Great Movie Directors During Wartime: Hitchcock, Capra, Huston & Their WWII Films

Frank Capra, Alfred Hitch­cock, Howard Hawks, John Ford and John Hus­ton. They were some of the most impor­tant film­mak­ers dur­ing Hol­ly­wood’s Gold­en Age. And they were also part of “The Great­est Gen­er­a­tion,” the gen­er­a­tion that scraped and strug­gled to bring vic­to­ry to the Allies dur­ing World War II. Like many oth­ers, these direc­tors put com­mer­cial aspi­ra­tions aside for a while, and worked with the gov­ern­ment to pro­duce pro­pa­gan­da films that gal­va­nized sup­port for the war at home. You can find these films host­ed at the Inter­net Archive with­in the Cin­emoc­ra­cy sec­tion, and below we have high­light­ed some of the more impor­tant ones. For many more clas­sic films, don’t for­get to see our long list of Free Movies Online:

  • Frank Capra brought us some of Amer­i­ca’s great feel good films: It Hap­pened One Night (1934), Mr. Smith Goes to Wash­ing­ton (1939), and It’s a Won­der­ful Life (1946). (Find them here.) But, once WW II broke out, he was com­mis­sioned by the US gov­ern­ment to direct a sev­en episode series of films called “Why We Fight.” This includ­ed Pre­lude to War, The Nazi Strike, The War Comes to Amer­i­ca and oth­ers.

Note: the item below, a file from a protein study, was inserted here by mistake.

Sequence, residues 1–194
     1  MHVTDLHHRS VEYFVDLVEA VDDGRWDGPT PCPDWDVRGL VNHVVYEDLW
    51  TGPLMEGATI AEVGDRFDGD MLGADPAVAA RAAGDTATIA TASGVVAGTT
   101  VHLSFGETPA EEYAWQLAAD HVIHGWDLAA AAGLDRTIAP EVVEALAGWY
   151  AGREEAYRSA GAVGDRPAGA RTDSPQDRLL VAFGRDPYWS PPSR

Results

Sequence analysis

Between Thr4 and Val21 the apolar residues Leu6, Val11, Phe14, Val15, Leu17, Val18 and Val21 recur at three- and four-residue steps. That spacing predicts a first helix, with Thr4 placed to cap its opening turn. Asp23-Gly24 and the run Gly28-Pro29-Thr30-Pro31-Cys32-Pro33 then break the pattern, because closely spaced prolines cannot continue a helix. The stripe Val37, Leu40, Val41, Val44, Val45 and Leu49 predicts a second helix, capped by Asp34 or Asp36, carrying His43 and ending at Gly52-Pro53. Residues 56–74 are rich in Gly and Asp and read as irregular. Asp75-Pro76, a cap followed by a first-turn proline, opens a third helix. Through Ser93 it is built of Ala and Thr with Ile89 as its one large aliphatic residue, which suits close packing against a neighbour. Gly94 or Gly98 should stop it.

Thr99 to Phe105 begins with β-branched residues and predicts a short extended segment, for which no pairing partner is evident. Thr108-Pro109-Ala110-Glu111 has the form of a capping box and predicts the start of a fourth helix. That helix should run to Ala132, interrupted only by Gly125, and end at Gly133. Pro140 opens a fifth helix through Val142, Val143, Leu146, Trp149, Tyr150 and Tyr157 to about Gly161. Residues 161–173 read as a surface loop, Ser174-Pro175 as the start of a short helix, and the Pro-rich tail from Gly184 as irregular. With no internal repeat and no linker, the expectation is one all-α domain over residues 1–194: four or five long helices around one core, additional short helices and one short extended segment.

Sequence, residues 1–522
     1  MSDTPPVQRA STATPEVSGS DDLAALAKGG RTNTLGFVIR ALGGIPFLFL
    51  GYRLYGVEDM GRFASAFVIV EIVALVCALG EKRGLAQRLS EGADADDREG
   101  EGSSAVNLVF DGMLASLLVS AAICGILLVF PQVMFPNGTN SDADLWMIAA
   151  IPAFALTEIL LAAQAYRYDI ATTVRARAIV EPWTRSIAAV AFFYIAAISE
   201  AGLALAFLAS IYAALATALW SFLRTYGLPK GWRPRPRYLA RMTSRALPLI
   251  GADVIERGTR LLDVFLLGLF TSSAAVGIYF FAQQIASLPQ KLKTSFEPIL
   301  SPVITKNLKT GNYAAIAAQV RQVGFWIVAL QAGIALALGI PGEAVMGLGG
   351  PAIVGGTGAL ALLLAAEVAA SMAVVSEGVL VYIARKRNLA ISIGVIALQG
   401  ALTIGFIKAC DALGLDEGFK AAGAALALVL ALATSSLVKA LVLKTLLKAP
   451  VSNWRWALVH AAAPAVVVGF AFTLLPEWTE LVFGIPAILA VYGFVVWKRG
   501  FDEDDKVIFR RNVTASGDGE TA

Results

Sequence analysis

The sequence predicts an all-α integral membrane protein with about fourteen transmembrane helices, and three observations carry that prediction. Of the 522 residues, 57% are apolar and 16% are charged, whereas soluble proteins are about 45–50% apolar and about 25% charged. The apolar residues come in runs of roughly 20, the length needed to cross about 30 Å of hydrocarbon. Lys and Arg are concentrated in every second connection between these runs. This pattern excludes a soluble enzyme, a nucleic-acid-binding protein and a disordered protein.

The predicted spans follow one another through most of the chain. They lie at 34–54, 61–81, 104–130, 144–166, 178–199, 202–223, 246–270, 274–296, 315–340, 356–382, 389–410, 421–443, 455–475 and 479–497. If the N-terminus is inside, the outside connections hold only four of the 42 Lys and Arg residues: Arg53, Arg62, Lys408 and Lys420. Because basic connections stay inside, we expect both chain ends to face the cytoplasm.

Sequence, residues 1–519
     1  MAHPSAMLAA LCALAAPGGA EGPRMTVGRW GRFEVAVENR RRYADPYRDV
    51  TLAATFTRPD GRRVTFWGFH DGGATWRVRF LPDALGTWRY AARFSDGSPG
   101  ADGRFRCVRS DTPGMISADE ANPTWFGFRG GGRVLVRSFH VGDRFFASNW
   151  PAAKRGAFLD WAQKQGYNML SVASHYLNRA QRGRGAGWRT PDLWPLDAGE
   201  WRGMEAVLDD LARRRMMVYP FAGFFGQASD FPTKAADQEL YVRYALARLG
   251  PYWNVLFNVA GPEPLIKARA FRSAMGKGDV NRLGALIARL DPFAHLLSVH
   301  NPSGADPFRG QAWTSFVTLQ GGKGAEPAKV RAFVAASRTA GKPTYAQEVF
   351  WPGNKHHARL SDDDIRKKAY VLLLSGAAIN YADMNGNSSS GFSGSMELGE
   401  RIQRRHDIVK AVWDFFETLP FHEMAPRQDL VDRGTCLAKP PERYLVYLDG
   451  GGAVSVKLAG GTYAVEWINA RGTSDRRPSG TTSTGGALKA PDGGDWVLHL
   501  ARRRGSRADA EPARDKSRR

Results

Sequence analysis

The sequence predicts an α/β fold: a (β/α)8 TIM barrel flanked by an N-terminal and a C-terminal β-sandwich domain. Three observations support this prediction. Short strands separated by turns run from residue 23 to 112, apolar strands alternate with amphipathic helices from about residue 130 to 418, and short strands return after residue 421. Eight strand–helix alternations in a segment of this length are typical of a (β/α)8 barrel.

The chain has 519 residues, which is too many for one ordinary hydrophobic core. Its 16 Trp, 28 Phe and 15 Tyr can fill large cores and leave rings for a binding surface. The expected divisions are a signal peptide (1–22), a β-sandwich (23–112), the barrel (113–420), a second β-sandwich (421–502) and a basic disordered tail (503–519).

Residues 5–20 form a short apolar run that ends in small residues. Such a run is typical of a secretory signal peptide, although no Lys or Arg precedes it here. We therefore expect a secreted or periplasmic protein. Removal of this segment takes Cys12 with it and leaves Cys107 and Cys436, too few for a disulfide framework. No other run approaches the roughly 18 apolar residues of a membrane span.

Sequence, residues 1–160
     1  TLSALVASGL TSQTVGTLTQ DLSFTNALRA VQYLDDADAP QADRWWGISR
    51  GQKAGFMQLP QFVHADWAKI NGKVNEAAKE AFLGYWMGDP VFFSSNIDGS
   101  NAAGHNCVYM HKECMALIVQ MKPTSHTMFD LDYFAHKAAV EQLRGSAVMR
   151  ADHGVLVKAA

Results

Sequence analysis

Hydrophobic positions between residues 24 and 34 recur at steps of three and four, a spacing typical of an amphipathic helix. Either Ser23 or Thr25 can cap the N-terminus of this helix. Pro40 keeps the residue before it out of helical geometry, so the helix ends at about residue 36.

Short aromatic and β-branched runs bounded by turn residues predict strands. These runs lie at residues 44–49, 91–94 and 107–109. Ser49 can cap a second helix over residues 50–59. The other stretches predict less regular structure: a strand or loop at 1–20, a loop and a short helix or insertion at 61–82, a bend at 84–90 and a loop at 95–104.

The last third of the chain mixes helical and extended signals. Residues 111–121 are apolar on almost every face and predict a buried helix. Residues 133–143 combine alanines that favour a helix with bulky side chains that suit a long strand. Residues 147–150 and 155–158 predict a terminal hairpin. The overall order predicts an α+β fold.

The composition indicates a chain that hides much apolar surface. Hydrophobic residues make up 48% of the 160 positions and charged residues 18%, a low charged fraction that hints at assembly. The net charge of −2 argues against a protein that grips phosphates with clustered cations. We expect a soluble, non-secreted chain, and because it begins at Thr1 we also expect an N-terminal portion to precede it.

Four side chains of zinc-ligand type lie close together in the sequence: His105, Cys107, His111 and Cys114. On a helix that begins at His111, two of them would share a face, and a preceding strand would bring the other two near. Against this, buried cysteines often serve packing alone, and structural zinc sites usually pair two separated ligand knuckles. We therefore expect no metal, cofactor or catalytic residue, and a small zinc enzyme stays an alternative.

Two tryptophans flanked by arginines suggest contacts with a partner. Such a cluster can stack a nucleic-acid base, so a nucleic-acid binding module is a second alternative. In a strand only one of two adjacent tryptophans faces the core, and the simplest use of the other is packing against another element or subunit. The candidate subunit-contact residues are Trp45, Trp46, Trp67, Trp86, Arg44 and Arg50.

• John Hus­ton — The Mal­tese Fal­con (1941), The Trea­sure of the Sier­ra Madre (1948), Key Largo (1948) — served in the U.S. Army Sig­nal Corps in 1943 and direct­ed an Acad­e­my Award win­ning doc­u­men­tary, Report from the Aleu­tians. The film, which Hus­ton helped nar­rate, fol­lows the dai­ly lives of Amer­i­can sol­diers serv­ing in the Aleut­ian Islands (off the shores of Alas­ka). Hus­ton also direct­ed anoth­er wartime film, The Bat­tle of San Pietro (1945).
  • John Ford, famous for his west­erns Stage­coach (1939) and The Searchers (1956) and for his adap­ta­tion of Stein­beck­’s The Grapes of Wrath (1940), also got into the act of shoot­ing wartime films, direct­ing The Bat­tle of Mid­way, an account of the Japan­ese attack of Amer­i­can ships at Mid­way. The film uses most­ly authen­tic footage from the bat­tle and is nar­rat­ed by Hen­ry Fon­da (who starred in The Grapes of Wrath). The oth­er notable pro­duc­tion was Decem­ber 7th, a film doc­u­ment­ing the Japan­ese attack on Pearl Har­bor.

Of course, it was­n’t just Amer­i­can direc­tors who made these pro­pa­gan­da films. The great Alfred Hitch­cock was the force behind Bon Voy­age and L’aven­ture Mal­gache (1944), two French lan­guage films backed by the British Min­istry of Infor­ma­tion. Both were trib­utes to the French resis­tance move­ment. And then there’s Death Mills (1945), the dis­turb­ing Ger­man-lan­guage doc­u­men­tary direct­ed by Bil­ly Wilder (Dou­ble Indem­ni­ty, Sun­set Boule­vard and Some Like it Hot) that showed Ger­many the hor­rors the Allies encoun­tered when they lib­er­at­ed Nazi exter­mi­na­tion camps. Some of these films can be found in our col­lec­tion of Free Movies Online.

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